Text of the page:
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Friday, March 2, 2012

Milena Stanoeva
Canadian Federation for the Humanities and Social Sciences

Léo Charbonneau blogs this week on the recent boycott of academic publishing company Elsevier, which owns 2,000 academic journals, by researchers. The boycott was over Elsevier’s support of the Research Works Act, a US legislation proposal that would prohibit open access mandates for federal research funding. In both Canada and the US, government organizations that provide public funding for research require that the research be made publicly available. More than 7,500 researchers worldwide vowed to stop sending their research to Elsevier-owned journals, leading the company to withdraw its support for the legislation.

Charbonneau’s blog post also makes the interesting point that, although peer-reviewed journal articles are seen as the only authoritative source of information on new research, academics who post their research online, through blogs potentially expose their research to more constructive criticism from their peers. Academics can also follow the progress of their colleagues’ research and provide feedback throughout the process.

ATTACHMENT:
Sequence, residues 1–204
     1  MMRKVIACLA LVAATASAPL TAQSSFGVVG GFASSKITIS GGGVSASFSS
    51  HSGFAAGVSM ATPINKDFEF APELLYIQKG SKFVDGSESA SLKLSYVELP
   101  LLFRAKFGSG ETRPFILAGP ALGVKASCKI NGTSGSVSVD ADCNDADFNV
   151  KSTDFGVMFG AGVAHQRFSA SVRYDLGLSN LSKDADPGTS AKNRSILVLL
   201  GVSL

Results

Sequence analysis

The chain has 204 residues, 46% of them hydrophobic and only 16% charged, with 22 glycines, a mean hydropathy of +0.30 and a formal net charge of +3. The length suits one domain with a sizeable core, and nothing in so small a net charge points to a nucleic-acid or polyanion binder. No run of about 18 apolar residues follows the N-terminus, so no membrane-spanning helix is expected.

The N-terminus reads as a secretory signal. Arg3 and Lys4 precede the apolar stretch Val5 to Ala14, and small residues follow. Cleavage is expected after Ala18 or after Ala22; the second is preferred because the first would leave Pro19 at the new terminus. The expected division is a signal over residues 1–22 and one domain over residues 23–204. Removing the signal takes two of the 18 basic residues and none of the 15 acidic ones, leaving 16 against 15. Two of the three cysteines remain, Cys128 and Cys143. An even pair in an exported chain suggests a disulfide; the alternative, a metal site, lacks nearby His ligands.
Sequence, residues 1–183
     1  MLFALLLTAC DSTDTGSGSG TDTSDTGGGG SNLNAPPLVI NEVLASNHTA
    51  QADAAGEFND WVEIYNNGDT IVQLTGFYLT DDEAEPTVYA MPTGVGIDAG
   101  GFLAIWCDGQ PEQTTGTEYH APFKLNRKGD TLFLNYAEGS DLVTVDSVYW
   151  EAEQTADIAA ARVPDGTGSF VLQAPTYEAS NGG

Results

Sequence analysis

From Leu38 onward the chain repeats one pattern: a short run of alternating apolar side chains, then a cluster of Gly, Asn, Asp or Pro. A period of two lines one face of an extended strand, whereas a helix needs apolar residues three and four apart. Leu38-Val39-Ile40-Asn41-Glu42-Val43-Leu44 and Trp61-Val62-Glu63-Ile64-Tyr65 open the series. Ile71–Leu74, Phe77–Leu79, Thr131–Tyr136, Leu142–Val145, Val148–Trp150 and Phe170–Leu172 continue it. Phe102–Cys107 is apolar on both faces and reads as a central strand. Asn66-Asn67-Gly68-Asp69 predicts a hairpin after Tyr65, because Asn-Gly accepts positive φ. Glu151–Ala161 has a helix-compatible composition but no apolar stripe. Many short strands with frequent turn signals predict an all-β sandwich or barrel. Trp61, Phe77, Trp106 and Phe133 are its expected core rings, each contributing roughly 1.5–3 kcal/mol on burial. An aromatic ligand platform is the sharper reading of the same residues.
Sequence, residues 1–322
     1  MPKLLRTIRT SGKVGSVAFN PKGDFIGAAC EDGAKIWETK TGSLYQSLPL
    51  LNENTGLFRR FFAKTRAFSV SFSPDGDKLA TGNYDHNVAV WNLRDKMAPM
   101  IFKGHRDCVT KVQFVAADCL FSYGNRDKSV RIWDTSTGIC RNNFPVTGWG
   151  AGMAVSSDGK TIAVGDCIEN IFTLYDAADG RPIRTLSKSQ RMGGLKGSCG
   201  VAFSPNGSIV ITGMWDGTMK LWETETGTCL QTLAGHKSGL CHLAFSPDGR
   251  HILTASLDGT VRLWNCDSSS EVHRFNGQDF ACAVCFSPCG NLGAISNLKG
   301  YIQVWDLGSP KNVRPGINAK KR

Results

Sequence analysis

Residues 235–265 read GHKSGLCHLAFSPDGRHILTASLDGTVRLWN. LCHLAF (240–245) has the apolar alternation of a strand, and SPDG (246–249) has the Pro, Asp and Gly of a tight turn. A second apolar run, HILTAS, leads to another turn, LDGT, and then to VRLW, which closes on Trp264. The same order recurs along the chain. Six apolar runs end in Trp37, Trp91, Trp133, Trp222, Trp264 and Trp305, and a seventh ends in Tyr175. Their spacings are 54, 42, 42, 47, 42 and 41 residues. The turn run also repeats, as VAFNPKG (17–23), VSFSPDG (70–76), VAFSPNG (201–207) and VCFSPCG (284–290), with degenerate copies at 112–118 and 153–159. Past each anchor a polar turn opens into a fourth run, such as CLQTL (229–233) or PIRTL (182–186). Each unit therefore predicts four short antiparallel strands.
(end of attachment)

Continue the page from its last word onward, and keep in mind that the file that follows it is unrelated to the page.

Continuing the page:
Speaking of academic blogging, Impact of Social Science featured an interview with Patrick Dunleavy and Chris Gilson, notable academic bloggers in Britain, on the value of blogging for social science researchers. According to them, “blogging is quite simply, one of the most important things that an academic should be doing right now.” They argue that blogging is a great way for researchers to build networks with their colleagues and communicate their findings to a much larger audience than can be reached with a press release or journal article.

This week, the University of Oxford announced the creation of the Mica and Ahmet Ertegun Scholarships in the Humanities, funded in perpetuity by an endowment of £26 million by Mica Ertegun. The endowment has an illustrious beginning–Ahmed Ertegun was the founder of Atlantic Records. After his death, many of his protégés performed at a memorial concert, but not Led Zeppelin. At Ms. Ertegun’s suggestion, music promoter Harvey Goldsmith wrote the rockers, who agreed to reunite for a 2007 concert. The proceedings–£2 million–were the seed for the endowment.

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